Texas Lawyers Blog


The Texas Lawyers Blog provides useful information on the law and Texas lawyers. For more information on this Blog or a legal topic, please feel free to submit an inquiry or send an e-mail message to blog@texaslawyers.com

Thursday, October 17, 2019

Texas Inheritance Traps: Contested Probate is A Common Inheritance Trap in the Texas Legal System That Causes Families to Lose Substantial Wealth

Texas Inheritance Traps: Contested Probate is A Common Inheritance Trap in the Texas Legal System That Causes Families to Lose Substantial Wealth by Texas Inheritance Lawyer and Texas Contested Probate Lawyer Jason S. Coomer

Several inheritance traps in the Texas legal system cause families to lose substantial wealth. One of the most expensive traps is contested probate litigation. This inheritance trap typically entails family members fighting through litigation over the estate of a loved one. Contested probate litigation can begin prior to the loved ones death in contested guardianship cases and can continue for years after the loved one's death. These cases can cost families hundreds of thousands of dollars or even millions of dollars. Depending on the size of the disputed estate, the contested issues which are litigated, and the parties involved, these cases vary is cost, but commonly cause families to lose a substantial amount of wealth.

For the most part, if at all possible it is best to avoid contested probate lawsuits. There are some steps that families can take to attempt to avoid contested litigation including estate planning and communication.  That being said, many of these contested probate lawsuits are unavoidable because of changing family dynamics and specific types of people in a family. 

Some Contested Probate Cases Are Unavoidable Because of Changing Family Dynamics and The Personalities of Certain Family Members

Even though good estate planning can help prevent some types of contested probate litigation, there is no perfect one size fits all estate plan that every family can use to avoid contested probate. A main reason for this is that family dynamics often change over time, especially, when a person's health fails and they get closer to death. In other words, estate plans are moving targets. These plans commonly change due to changes in living situations including where family members move, who takes care of family members with poor or failing health, and if family members get divorced or remarried.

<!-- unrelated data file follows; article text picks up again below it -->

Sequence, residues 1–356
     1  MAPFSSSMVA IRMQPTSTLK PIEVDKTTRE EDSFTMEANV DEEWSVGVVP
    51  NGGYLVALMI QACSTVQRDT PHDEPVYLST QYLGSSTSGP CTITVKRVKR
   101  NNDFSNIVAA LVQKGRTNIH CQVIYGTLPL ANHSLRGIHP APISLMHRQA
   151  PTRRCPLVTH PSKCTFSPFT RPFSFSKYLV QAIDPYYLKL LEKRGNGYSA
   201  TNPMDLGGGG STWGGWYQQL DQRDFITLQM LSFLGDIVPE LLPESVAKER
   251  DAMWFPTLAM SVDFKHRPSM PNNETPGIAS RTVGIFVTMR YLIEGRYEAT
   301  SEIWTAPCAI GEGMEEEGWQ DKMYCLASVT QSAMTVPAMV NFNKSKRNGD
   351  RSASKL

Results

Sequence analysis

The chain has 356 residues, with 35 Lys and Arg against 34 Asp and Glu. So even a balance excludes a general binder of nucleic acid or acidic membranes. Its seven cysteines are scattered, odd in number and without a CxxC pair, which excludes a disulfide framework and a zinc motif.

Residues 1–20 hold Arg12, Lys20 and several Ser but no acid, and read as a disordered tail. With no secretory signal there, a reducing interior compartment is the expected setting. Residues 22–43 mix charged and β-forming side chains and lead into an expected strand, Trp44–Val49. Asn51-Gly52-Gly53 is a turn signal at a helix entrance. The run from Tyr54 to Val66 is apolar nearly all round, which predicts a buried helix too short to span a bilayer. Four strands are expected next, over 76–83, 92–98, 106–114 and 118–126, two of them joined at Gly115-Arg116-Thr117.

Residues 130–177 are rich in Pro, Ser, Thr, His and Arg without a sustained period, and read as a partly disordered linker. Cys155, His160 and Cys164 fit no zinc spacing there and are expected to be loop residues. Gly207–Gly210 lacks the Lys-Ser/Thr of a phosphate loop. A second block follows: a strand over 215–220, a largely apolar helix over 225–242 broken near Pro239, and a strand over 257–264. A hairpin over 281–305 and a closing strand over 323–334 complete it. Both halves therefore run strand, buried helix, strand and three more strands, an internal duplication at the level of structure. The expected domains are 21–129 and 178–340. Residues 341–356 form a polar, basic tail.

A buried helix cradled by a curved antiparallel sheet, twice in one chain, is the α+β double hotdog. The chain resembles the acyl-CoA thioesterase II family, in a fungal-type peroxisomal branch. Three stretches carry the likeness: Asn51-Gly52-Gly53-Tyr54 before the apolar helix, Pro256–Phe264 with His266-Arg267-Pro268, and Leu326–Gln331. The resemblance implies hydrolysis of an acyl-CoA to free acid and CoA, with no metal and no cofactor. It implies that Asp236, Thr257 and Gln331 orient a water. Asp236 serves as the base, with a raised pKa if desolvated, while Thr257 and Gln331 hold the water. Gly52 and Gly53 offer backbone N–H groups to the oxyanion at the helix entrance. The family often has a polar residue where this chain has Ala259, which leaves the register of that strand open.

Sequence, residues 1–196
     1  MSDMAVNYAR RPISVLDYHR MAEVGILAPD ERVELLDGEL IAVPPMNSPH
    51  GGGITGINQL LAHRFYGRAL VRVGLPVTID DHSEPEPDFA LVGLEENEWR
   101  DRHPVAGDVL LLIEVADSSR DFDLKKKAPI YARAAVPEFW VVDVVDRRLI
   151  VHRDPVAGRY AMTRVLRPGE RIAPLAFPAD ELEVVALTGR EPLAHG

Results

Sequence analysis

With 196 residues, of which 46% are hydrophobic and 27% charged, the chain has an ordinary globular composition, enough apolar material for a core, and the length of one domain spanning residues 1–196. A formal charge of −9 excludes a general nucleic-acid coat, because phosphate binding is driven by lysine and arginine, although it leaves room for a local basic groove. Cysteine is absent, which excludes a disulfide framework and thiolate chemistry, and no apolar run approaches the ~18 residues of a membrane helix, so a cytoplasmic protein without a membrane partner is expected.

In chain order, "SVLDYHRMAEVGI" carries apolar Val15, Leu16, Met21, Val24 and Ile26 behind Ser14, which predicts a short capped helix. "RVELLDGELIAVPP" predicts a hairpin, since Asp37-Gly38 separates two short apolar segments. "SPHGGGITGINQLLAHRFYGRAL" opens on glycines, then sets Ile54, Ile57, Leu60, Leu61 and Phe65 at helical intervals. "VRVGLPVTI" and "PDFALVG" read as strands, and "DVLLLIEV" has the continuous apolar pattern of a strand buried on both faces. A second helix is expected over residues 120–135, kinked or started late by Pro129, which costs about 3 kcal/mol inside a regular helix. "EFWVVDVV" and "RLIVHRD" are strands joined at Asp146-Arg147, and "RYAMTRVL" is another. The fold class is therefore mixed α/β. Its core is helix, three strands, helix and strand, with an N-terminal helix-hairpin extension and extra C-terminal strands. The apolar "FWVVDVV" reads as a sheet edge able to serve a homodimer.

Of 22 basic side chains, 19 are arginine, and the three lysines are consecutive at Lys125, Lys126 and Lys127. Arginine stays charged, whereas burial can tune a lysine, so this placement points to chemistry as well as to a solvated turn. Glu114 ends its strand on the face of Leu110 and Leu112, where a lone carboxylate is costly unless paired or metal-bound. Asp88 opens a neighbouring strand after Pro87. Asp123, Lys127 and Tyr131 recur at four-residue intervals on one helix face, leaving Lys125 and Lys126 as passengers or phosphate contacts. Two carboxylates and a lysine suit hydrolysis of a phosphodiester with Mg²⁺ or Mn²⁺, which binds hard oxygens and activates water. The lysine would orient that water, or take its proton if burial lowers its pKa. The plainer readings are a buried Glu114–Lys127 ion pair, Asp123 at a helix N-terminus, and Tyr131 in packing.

Further, there are specific types of people who commonly cause contested probate litigation. These personalities include: 1) people who fail to communicate their wishes, 2) people who commonly change their Wills or Trusts, 3) people who use their wealth to control those around them, 4) estranged family and black sheep, 5) opportunists, and 6) fraudulent and ruthless individuals.

More specifically, a common type of family member who causes contested probate litigation is a ruthless, materialistic, manipulating, and self entitled person. These people are commonly vulture like and begin circling around wealthy people when their targets are sick or close to death. In litigating contested probate cases, it is common to discover that other family members have seen these traits in these family members and often expect them to attempt to ruthlessly seek significantly more than their fair share of any inheritance. Further, it is common for this type of person to be involved in multiple contested probate disputes.  It is also common to discover these family members have successfully taken wealth from others in the past. 

Overall, the combination of changing family dynamics and specific types of family members often make contested probate litigation unavoidable. 

Contested Guardianship Lawsuits, Contested Trust Lawsuits, Contested Wills, and Contested Estate Lawsuits Are All Forms of Contested Probate Litigation 

Numerous family battles start prior to the death of a loved one when the loved ones' health begins to fail. In these situations, contested guardianship cases or contested trust cases often start as family members attempt to protect family wealth or attempt to take wealth from a family member. These battles also commonly start as Will contests or disputes over estate property. For more information on contest probate litigation, please go to the following web pages: Texas Contested Guardianship Lawsuit Information, Texas Contested Trust Lawsuit Information, Texas Will Contest Lawsuit Information, and Austin Texas Probate Litigation Lawyer Information.

Saturday, October 12, 2019

Texas Executor Removal and Other Texas Estate Beneficiary Rights: Texas Independent Executors Are Powerful But Have Fiduciary Duties and Can Be Removed by Texas Executor Removal Lawyer

Texas Executor Removal and Other Texas Estate Beneficiary Rights: The Position of a Texas Independent Executor Is Powerful, But The Texas Executor Has Fiduciary Duties, Needs to Comply With Texas Law, and Can Be Removed in Some Situations by Texas Executor Removal Lawyer and Texas Estate Beneficiary Lawyer Jason Coomer